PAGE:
Macedonia is party to a substantial number of multilateral or bilateral treaties which concern private international law matters. Since the proclamation of independence in 1991, Macedonia has retained membership of a significant number of multilateral conventions through succession to the Former Yugoslav Federation, and has concluded or acceded to several new ones.
Macedonia is a member of the →Hague Conference on Private International Law since 1958, when the former Socialist Federal Republic of Yugoslavia accepted the Statute of the Conference. On 1 December 1993, it was established that the Republic of Macedonia became a member of the conference on that date with retroactive effect as from 20 September 1993. As of 2 January 2015 Macedonia has ratified, acceded to or entered by succession into the following Hague Conventions: the Hague Civil Procedure Convention (Hague Convention of 1 March 1954 on civil procedure, 286 UNTS 265), the Hague Testamentary Dispositions Convention (Hague Convention of 5 October 1961 on the conflicts of laws relating to the form of testamentary dispositions, 510 UNTS 175), the Hague Legalization Convention (Hague Convention of 5 October 1961 abolishing the requirement of legalization for foreign public documents, 527 UNTS 189), the Hague Service Convention (Hague Convention of 15 November 1965 on the service abroad of judicial and extrajudicial documents in civil or commercial matters, 658 UNTS 163), the Hague Traffic Accident Convention (Hague Convention of 4 May 1971 on the law applicable to traffic accidents, 965 UNTS 415), the Hague Evidence Convention (Hague Convention of 18 March 1970 on the taking of evidence abroad in civil or commercial matters, 847 UNTS 241), the Hague Products Liability Convention (Hague Convention of 2 October 1973 on the law applicable to products liability, 1056 UNTS 191), the Hague Child Abduction Convention (Hague Convention of 25 October 1980 on the civil aspects of international child abduction, 1343 UNTS 89), the Hague Access to Justice Convention (Hague Convention of 25 October 1980 on international access to justice, 1510 UNTS 375) and the Hague Adoption Convention (Hague Convention of 29 May 1993 on protection of children and cooperation in respect of inter-country adoption, 32 ILM 1134).
The United Nations as a universal international organization has also contributed towards the progressive unification of private international law. Macedonia has acceded to or ratified the following conventions concluded within the framework of the United Nations: the UN Maintenance Convention 1956 (United Nations Convention of 20 June 1956 on the recovery abroad of maintenance, 268 UNTS 3 and 649 UNTS 330) and the United Nations Convention of 10 December 1962 on consent to marriage, minimum age for marriage and registration of marriages (521 UNTS 231). As far as the UNCITRAL conventions are concerned, Macedonia has ratified the CISG (United Nations Convention of 11 April 1980 on contracts for the international sale of goods, 1489 UNTS 3) and the New York Convention (New York Convention of 10 June 1958 on the recognition and enforcement of foreign arbitral awards, 330 UNTS 3), which applies without territorial →reciprocity. Finally, Macedonia has acceded to the European Arbitration Convention (European Convention of 21 April 1961 on international commercial arbitration, 484 UNTS 349), which was adopted within the United Nations Economic Commission for Europe. Macedonia is also party to a significant number of regional conventions. Macedonia has ratified or acceded to the following conventions concluded within the Council of Europe: the European Foreign Law Convention (European Convention on information on foreign law of 7 June 1968, 720 UNTS 147), the European Agreement of 27 January 1977 on the transmission of applications for legal aid (ETS No 92) and the European Child Custody Convention (European Convention of 20 May 1980 on p. 1recognition and enforcement of decisions concerning custody of children and on restoration of custody of children, 1496 UNTS 37). Macedonia is party to two conventions concluded within the International Commission on Civil Status (→CIEC/ICCS (International Commission on Civil Status)): the Convention of 27 September 1956 on the issue of certain extracts from civil status records to be sent abroad (299 UNTS 211) and the Convention of 8 September 1976 concerning the issue of plurilingual extracts from civil status records (1327 UNTS 3).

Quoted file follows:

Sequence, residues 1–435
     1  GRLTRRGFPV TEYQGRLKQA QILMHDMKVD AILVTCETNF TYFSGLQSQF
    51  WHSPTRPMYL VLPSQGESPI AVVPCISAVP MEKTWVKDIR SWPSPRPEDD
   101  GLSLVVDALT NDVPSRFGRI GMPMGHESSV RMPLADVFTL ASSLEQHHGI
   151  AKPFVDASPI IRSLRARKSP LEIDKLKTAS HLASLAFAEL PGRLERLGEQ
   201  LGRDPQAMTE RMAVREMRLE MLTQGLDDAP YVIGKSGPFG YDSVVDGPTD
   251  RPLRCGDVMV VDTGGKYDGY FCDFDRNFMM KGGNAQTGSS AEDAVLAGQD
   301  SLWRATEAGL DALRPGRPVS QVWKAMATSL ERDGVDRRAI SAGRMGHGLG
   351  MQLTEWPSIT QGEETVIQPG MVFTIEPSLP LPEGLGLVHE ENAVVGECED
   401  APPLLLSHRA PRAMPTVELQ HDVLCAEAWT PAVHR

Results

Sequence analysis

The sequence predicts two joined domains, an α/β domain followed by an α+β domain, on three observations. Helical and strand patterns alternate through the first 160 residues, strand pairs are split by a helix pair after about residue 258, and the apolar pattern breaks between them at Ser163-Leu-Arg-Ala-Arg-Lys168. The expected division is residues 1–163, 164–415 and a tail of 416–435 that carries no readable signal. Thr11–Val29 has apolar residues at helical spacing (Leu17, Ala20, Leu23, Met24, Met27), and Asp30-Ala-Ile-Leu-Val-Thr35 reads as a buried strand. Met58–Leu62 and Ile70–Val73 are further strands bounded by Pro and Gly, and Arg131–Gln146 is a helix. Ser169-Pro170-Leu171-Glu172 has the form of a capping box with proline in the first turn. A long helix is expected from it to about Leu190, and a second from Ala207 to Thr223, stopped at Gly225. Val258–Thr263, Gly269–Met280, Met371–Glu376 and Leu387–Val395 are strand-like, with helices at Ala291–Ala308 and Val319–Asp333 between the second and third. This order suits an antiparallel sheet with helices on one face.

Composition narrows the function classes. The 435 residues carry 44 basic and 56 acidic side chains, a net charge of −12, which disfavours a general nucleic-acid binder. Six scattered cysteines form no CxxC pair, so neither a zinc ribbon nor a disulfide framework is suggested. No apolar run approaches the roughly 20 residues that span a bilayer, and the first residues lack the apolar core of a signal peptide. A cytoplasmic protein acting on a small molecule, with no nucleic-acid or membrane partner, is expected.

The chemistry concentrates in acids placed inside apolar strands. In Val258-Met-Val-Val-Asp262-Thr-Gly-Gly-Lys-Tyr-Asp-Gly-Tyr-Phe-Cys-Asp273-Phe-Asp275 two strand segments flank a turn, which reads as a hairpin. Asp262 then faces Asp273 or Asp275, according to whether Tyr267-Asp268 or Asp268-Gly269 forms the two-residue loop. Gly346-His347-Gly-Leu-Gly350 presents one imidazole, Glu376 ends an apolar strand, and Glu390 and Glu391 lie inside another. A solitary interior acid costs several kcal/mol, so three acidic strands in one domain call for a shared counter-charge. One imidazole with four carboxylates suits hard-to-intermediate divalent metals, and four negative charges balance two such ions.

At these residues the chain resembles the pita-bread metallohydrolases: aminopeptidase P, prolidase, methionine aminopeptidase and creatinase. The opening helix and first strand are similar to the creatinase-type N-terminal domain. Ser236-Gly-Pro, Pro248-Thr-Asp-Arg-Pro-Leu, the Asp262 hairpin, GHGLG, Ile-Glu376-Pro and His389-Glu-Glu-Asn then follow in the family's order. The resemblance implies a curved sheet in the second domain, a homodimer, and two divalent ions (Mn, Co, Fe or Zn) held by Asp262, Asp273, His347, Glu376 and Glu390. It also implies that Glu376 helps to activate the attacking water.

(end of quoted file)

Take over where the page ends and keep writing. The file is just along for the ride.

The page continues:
Macedonia has also ratified international conventions which constitute unifying rules on international carriage, but which also contain private international rules, such as the Montreal Convention (Convention of 28 May 1999 for the unification of certain rules relating to international carriage by air, 2242 UNTS 309) and COTIF (Convention of 9 May 1980 concerning international carriage by rail, 1396 UNTS 2, in the version of the Protocol of Modification of 3 June 1999, available at <www.otif.org>).